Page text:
A wild little concept album from the Four Seasons – one that's packaged in newspaper-style cover, and which presents tunes that almost have that late 60s British "snapshots of life" approach to pop – particularly that put forth by The Kinks on Village Green Preservation Society. The album's a true genius effort from Bob Gaudio – now risen to the ranks of producer for the group, and also the key songwriter for the album too – working here in tandem with the great Jake Holmes, a wonderful choice for a record like this! Arrangements are inventive, playful, and definitely at a level that shows some influence from Pet Sounds or Sgt Peppers – but there's also a focused, all-pop approach to the tunes too – one that's hook-heavy even when trippy, and which shows that the Four Seasons were as great at psychedelic and Sunshine Pop as any of the groups they'd inspired over the years. Titles include "Saturday's Father", "Wall Street Village Day", "Wonder What You'll Be", "Soul Of A Woman", "Something's On Her Mind", "American Crucifixion Resurrection", and "Mrs Stately's Garden". (In the original fold-out cover, including the booklet. Cover has a cutout hole.) © 1996-2015, Dusty Groove, Inc.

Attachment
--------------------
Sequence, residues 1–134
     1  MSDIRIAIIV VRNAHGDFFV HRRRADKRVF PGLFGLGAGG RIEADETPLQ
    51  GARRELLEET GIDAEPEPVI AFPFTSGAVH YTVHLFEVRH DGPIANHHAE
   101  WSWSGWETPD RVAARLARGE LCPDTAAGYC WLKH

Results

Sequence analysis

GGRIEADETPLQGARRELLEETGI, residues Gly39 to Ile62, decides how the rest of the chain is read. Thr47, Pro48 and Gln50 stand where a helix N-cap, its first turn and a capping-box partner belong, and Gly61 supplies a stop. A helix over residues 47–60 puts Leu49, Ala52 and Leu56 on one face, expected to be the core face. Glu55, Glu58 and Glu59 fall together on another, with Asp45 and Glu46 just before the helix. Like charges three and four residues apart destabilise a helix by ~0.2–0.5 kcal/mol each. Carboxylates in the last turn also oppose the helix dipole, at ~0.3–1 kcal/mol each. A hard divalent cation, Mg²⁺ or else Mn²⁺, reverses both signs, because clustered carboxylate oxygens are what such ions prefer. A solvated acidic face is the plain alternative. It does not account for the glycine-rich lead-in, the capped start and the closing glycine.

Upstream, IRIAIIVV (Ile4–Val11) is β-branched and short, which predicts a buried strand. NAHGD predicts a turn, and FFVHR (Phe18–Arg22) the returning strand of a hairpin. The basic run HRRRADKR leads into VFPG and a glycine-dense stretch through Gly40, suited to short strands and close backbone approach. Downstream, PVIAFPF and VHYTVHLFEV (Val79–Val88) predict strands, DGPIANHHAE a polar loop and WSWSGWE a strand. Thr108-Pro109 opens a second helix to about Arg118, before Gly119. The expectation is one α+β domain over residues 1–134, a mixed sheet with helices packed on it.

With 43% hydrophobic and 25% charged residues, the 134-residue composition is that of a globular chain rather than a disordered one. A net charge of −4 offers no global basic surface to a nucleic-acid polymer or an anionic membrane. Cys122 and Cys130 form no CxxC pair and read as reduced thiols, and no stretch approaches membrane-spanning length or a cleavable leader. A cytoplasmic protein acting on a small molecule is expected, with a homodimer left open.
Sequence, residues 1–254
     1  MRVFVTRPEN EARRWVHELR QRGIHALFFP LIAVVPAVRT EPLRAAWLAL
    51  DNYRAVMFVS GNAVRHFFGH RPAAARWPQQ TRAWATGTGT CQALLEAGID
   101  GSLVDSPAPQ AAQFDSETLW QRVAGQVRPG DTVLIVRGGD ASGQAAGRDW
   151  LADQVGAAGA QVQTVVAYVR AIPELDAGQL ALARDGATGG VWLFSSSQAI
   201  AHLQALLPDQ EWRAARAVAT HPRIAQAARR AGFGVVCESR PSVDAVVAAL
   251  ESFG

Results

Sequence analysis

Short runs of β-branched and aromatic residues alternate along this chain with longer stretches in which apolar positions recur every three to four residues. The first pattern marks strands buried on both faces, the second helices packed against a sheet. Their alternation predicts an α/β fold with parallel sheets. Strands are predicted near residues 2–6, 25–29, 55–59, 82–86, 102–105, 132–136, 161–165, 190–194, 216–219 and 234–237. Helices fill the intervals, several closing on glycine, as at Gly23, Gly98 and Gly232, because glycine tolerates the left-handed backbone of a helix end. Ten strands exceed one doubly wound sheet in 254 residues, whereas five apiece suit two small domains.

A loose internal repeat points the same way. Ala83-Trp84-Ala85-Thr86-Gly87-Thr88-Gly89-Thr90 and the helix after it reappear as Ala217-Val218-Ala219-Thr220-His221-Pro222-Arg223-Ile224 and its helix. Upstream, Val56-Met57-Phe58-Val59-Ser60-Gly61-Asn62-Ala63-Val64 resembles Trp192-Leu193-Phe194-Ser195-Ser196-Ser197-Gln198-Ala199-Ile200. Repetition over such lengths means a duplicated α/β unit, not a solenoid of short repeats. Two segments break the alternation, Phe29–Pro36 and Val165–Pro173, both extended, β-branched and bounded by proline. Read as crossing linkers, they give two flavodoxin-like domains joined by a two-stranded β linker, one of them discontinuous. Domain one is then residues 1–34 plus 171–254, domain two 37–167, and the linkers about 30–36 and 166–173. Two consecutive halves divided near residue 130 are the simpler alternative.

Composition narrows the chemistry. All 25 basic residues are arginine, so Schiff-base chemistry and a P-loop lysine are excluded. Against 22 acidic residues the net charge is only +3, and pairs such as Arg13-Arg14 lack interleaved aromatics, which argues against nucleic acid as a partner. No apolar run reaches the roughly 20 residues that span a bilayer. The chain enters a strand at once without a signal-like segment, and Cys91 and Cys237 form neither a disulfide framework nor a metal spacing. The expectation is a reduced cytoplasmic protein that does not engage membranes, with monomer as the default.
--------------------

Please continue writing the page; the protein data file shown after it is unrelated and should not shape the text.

We realize that there are many different interpretations of the standard grades used for pre-owned vinyl record albums & CD, so we thought we'd offer you the ones that we are working with, so you have an idea what we mean when we give the grade for a non-new item on our pages.
Below are stated conditions for a used vinyl records at Dusty Groove. Grading for the cover should be assumed to be near (within a "+" or "-") the grading for the vinyl. If there is significant divergence from the condition of the vinyl, or specific flaws, these will be noted in the comments section of the item. However, please be aware that since the emphasis of this site is towards the music listener, our main concern is with the vinyl of any used item we sell. Additionally, please note that all of our records are graded visually; considering the volume of used vinyl we handle, it is impossible for us to listen to each record. If we spot any significant flaws, we make every attempt to listen through them and note how they play.
The following grading conditions apply to the vinyl component of an album or single:
If something is noteworthy, we try to note it in the comments — especially if it is an oddity that is the only wrong thing about the record. This might include, but isn't limited to, warped records, tracks that skip, cover damage or wear as noted above, or strictly cosmetic flaws.